The Latin 'ēmergens' spawned two unequal sisters. Born from the same sight of seeing ‘submerged bodies rise above the surface of water’, the sisters’ lifelines eventually forked apart. One gravitated toward the dark and hurtful, the other toward the light and hopeful. ‘Emergence’, in its contemporary use, is described in the OED as ‘the process of coming forth, issuing from concealment, obscurity, or confinement.’ Emergence is this: to see fish spawn again in a river once killed so thoroughly it could have passed for a public pool. Emergence is this: salmon who leap from murky shadows and into plain view, so stubbornly they will not even yield to gravity. And emergence is this: humans who stand up and stand by, doing what is in their might to help these journeyers prevail, negotiating policy, running hatchery initiatives, initiating school programs, organizing festivities, performing art, conducting research, and mobilizing community efforts to restore rivers and restory the presence of humans in a more-than-human world.
MOTSTRØMS allies itself with river-cultures across the northern hemisphere, cultures who have responded to the return of salmon to Atlantic and Pacific rivers by organizing community gatherings. Such gatherings are invitations for the human community to concretely encounter their more-than-human context. They are invitations to deeply ponder the living world’s many wild, vibrant, unstoppable expressions of aliveness, even as that aliveness is now under sustained onslaught, even as many beautiful things are dying amongst us, even as the biosphere appears to be slipping into a new geological epoch. Such gatherings are an invitation to re-negotiate the question of being human in the larger context of the living world itself, to ask again who we are, how we are of place, what is our task in the time of planetary transition, and how we can strive to become the best version of ourselves – individually and collectively – as we pledge our allegiance to the continuity of life, year after year, indefinitely.
MOTSTRØMS, as an annual festivity rooted in the Akerselva River and her salmon, does not belong to any individual or group. While the NGO VILLAKS is responsible for organizing the festivities, and while we have partnered up with Klimahuset, the University of Oslo, the city districts Sagene and Grünerløkka, several schools, and other organizations and allies, we consider the arrangement in its entirety to be a gift: to the salmon, surely, and to the river. But it is a gift also to the human community drawn to the river that runs from the Nordmarka forest through our city and into the Oslo fjord. We consider it a gift to the city of Oslo at large. Since time immemorial, salmon have been teaching human communities about the power of relating to the world, not as commodity, not as machine, not as passive environment, but as gift. The salmon's return to our rivers is a gift, undeserved, free, self-replenishing, able even to rebound from near-certain extinction. The salmon's challenge to us is as generous as it is demanding: to ponder the true depth, extent and potency of living in a world of gifts. To craft poetic, artistic, political, educational, legal, technological, and social responses to living in such a self-replenishing world of gifts, a world not of scarcity but overflow, a world committed to never plunge into indefinite emergency but to keep pushing hard against veils of impossibility. The salmon's challenge to us is that we continue to exert creative pressure, that we step outside of habit, step away from what appears to be the only way forward, seek new storylines, forge new possibilities for collaboration, push hard - and then push a little harder still - until we emerge from suffering, from despair, from alienation, from extinction, from crisis, from the certainty of collapse. Until we emerge into new ways of situating ourselves inside a truly living, truly more-than-human world.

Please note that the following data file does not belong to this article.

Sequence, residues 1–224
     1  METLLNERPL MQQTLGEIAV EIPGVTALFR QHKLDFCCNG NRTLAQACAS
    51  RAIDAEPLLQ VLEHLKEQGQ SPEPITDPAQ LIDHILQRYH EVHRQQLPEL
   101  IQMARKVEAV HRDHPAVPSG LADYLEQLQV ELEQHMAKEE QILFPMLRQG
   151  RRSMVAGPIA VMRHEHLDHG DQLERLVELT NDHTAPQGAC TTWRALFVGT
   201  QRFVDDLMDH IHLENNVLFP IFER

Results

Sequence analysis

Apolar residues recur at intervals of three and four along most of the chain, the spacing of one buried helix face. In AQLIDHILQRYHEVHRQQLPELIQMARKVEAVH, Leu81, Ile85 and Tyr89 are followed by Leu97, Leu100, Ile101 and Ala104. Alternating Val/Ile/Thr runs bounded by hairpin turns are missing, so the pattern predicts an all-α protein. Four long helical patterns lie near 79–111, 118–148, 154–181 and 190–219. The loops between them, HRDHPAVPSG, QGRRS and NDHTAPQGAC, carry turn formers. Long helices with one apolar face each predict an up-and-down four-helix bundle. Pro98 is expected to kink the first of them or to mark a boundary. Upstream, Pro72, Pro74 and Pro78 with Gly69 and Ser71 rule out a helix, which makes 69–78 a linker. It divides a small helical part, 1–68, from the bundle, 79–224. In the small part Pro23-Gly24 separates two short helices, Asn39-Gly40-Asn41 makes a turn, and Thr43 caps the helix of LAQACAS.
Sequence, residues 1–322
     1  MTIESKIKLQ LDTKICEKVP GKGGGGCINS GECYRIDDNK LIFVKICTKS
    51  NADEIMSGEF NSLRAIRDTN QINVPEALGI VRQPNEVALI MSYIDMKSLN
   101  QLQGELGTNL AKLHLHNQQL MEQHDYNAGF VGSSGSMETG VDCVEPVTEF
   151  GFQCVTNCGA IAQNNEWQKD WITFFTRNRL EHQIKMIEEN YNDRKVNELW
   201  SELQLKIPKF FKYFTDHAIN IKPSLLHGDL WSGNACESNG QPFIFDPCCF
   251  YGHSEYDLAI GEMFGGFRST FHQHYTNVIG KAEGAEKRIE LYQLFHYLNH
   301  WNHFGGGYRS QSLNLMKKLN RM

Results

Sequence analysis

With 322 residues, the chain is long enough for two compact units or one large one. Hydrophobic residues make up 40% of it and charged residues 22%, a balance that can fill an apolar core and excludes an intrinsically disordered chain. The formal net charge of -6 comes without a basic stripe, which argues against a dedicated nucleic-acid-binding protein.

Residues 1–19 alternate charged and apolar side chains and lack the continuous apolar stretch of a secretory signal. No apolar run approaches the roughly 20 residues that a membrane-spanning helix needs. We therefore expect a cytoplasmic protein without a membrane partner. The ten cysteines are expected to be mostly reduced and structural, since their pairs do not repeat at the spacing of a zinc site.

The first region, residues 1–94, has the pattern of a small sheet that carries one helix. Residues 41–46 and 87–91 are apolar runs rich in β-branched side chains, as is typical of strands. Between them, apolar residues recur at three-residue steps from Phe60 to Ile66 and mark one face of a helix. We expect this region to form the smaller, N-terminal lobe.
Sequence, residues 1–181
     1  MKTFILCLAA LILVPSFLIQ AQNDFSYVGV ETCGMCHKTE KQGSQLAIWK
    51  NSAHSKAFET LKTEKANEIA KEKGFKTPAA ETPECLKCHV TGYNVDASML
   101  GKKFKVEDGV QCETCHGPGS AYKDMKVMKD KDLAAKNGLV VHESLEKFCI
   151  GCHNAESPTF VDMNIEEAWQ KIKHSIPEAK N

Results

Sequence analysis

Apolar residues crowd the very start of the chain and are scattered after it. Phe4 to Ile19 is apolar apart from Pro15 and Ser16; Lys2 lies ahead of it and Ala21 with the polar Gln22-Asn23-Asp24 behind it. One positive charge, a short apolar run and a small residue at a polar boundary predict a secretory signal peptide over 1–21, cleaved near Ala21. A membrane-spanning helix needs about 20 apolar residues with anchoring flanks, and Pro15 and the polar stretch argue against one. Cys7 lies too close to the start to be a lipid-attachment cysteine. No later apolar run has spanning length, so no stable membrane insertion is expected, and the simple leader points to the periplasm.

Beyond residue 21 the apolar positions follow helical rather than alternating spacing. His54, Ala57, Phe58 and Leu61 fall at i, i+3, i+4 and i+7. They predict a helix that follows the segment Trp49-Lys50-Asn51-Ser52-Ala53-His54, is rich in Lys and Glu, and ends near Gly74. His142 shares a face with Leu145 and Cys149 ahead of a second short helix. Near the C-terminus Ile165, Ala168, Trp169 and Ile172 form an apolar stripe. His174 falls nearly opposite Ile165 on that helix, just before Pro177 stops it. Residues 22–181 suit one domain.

What will it take to endure the delicate edge that is ēmergens?
Let us find out together.